The winds of change have blown several Google-designed products out of the Play Store. The company retired the aged Nexus 9 tablet and the entry-level variant of its Chromebook Pixel, clearing digital shelf space for newer, more capable devices.
The Nexus 9 quietly vanished from the Play Store in late April. The Android-powered tablet, manufactured by HTC, first made its debut in October 2014. It received a lukewarm response, at best, from reviewers. At launch, the Nexus 9 was a buggy mess. It was among the first few devices to ship with Android 5.0 Lollipop, and was ridden with goofy code. The hardware wasn't all that impressive, either. Stereo speakers and a nice display didn't outweigh the plain styling and heavy build.
If you're desperate for a Nexus 9, HTC is selling the tablet directly. You can also find it on Amazon.com.
Google's Pixel C tablet, which arrived in late 2015, is now the premiere Android-based tablet available in the Play Store. The Pixel C has a 10.2-inch screen, USB-C connector, stereo speakers, and more importantly, a premium design. The Pixel C costs $499 and $599 for the 32GB and 64GB models, respectively. The Pixel C runs Android 6.0 Marshmallow.
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Similarly, Google has cut the $999 Chromebook Pixel from the Play Store. The Chromebook Pixel is Google's high-end Chrome laptop. It was originally available in several configurations. The $999 model included 8GB of RAM, a Core i5 processor, and 32 GB of storage. Google has discontinued this version. Google is still selling the $1,299 model, which steps the specs up to 16GB of RAM, a Core i7 processor, and 64GB of storage. The Chromebook Pixel, which runs ChromeOS, has a flashy aluminum design.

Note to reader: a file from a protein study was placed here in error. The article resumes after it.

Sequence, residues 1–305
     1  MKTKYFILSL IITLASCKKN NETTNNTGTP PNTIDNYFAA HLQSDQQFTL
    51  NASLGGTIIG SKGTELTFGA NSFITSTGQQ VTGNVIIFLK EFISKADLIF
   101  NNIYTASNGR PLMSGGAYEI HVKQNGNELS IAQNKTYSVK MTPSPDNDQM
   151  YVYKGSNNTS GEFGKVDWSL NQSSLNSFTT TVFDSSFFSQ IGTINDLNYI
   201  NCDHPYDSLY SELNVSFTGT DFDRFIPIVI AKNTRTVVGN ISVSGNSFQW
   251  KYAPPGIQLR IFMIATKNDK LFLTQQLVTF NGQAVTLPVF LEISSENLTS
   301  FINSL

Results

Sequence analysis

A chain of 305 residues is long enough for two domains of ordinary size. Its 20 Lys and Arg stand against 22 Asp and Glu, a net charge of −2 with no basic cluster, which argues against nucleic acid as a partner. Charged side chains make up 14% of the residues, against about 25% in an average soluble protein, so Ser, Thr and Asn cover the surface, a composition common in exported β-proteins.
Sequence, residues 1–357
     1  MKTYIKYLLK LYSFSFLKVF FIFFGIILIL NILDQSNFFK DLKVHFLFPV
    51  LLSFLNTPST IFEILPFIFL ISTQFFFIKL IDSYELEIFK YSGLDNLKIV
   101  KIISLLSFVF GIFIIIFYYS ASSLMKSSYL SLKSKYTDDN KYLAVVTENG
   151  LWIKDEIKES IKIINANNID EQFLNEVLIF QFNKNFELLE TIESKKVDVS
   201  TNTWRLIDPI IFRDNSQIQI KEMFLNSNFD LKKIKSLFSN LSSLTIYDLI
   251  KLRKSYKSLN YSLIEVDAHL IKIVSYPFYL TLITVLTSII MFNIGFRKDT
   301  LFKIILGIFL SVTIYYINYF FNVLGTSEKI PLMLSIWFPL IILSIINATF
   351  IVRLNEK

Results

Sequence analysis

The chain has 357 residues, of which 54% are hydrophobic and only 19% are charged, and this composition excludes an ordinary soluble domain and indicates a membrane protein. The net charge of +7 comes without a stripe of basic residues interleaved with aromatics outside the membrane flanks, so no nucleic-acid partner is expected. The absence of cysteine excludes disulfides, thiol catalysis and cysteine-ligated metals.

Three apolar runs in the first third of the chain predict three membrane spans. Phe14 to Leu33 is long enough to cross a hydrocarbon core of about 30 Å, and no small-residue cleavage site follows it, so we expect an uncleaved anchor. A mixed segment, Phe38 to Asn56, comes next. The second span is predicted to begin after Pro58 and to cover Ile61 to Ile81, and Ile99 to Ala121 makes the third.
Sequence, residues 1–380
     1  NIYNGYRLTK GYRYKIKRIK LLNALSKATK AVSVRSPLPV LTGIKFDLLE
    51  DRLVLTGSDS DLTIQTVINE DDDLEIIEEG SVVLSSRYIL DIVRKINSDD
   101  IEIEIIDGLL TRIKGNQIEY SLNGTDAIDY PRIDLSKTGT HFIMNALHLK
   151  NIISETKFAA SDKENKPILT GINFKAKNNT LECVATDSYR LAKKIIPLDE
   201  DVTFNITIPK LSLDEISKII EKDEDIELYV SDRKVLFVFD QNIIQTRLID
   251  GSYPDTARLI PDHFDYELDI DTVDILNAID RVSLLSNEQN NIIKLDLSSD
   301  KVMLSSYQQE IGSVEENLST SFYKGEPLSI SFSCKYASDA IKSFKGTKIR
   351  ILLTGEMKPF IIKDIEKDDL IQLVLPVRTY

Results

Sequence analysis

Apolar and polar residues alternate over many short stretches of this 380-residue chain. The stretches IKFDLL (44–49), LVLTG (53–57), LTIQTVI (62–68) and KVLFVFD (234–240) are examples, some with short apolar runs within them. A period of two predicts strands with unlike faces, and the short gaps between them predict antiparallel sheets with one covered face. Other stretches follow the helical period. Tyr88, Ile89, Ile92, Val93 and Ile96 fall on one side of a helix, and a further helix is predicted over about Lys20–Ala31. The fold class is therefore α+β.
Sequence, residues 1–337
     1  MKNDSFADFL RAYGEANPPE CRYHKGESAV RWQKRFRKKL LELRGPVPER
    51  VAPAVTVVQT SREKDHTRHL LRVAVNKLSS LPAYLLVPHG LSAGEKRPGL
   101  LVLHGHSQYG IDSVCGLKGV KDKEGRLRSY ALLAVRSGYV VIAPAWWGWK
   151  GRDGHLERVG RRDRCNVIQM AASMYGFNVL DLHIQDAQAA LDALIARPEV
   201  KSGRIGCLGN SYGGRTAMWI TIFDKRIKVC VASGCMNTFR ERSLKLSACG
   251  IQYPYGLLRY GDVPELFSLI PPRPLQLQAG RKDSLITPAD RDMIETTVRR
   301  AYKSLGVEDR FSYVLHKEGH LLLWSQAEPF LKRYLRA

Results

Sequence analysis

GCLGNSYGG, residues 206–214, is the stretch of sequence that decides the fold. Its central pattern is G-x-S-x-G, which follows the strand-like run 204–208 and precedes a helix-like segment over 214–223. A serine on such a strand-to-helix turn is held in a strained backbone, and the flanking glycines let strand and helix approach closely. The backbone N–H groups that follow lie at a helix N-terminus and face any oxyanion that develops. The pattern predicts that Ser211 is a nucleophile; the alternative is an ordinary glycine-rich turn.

Why drop the entry-level Chromebook Pixel? Google didn't say, but the device now faces stiff competition.
HP recently debuted the Chromebook 13, a machine that includes specs that are equal to or better than the $999 Pixel for half the price. HP's Chromebook includes a 12.9-inch screen, a Core M7 processor with 16GB of RAM, and 32GB of storage for $499. It also boasts more than 11 hours of battery life and USB-C. The laptop weighs a mere 2.86 pounds.
Beyond HP's new piece of kit, the bulk of existing Chromebook offerings cost well under $500. In fact, most cost less than $300. The Chromebook Pixel likely appeals to power users who will pay extra for design. From that point of view, the $1,299 top-of-the-line model makes more sense.Eric is a freelance writer for InformationWeek specializing in mobile technologies. View Full Bio